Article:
COVID-19 | NIAID-RML
The Michigan Department of Health and Human Services (DHHS) reports Friday that 59,621 Michiganders have tested positive for COVID-19 and 5,745 have died from the virus — an additional 125 cases and eight deaths since Thursday.
The virus has now spread to all but one of Michigan’s 83 counties.
The first two cases of COVID-19 were reported in the state on March 10. Gov. Gretchen Whitmer declared a state of emergency that day.
Johns Hopkins University reports that there are more than 7.5 million confirmed cases worldwide and 423,155 deaths. In the United States, there are more than 2 million confirmed cases and 114,126 deaths.
Updated COVID-19 forecast
A prominent data model used by the White House has updated its COVID-19 projections for Michigan once again.
The University of Washington model is known as the most optimistic forecast of the COVID-19 outbreak. Its latest update this week now estimates that Michigan’s death toll will not peak in August, as previously predicted, but in early October.
The UWash projection also forecasts a higher number of total COVID-19 deaths by that time, with 8,771 by October 1. That is 2,970 higher than the model’s previous update just over two weeks ago, which had foretold a peak of 5,801 deaths by Aug. 4.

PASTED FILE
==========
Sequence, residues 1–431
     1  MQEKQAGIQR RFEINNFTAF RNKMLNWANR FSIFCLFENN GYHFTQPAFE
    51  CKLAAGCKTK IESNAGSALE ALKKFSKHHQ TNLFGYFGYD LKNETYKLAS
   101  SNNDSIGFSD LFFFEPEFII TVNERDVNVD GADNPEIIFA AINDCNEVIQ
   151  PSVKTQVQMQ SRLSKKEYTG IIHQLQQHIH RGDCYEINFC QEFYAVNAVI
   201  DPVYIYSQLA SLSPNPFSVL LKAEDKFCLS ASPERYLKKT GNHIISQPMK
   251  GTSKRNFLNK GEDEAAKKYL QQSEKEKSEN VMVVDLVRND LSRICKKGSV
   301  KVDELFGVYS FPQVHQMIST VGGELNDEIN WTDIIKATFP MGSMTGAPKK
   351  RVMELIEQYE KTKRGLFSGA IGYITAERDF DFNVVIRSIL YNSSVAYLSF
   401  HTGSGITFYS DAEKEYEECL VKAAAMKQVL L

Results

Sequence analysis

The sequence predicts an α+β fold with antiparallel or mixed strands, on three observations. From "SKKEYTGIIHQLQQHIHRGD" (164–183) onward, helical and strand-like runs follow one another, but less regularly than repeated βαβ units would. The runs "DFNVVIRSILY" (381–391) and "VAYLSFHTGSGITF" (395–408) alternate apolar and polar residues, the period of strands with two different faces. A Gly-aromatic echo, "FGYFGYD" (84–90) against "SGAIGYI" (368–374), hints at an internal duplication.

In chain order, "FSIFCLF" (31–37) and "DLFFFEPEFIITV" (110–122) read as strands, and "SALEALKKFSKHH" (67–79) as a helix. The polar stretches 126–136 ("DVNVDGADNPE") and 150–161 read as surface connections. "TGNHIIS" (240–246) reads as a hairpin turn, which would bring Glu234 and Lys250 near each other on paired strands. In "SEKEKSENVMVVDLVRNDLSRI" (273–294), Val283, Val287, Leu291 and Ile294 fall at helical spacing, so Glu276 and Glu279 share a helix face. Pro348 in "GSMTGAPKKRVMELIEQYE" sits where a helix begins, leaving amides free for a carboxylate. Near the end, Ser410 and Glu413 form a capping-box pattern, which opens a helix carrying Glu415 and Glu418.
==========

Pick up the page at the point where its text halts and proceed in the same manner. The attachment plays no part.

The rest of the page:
The model’s national figures have also been adjusted. The United States is now estimated to see 169,890 total deaths by Oct. 1, with a possible range between 133,201 and 290,222.
“This represents a potential 30,610 additional cumulative COVID-19 deaths between August – the previous time period for cumulative death estimation – and October 2020,” reads the June 10 update on UWash Medicine’s website.
One of the previous projections prior to this week’s update had estimated about 132,000 total American deaths by August, meaning that it has now been bumped up by nearly 38,000 and pushed back by two months.
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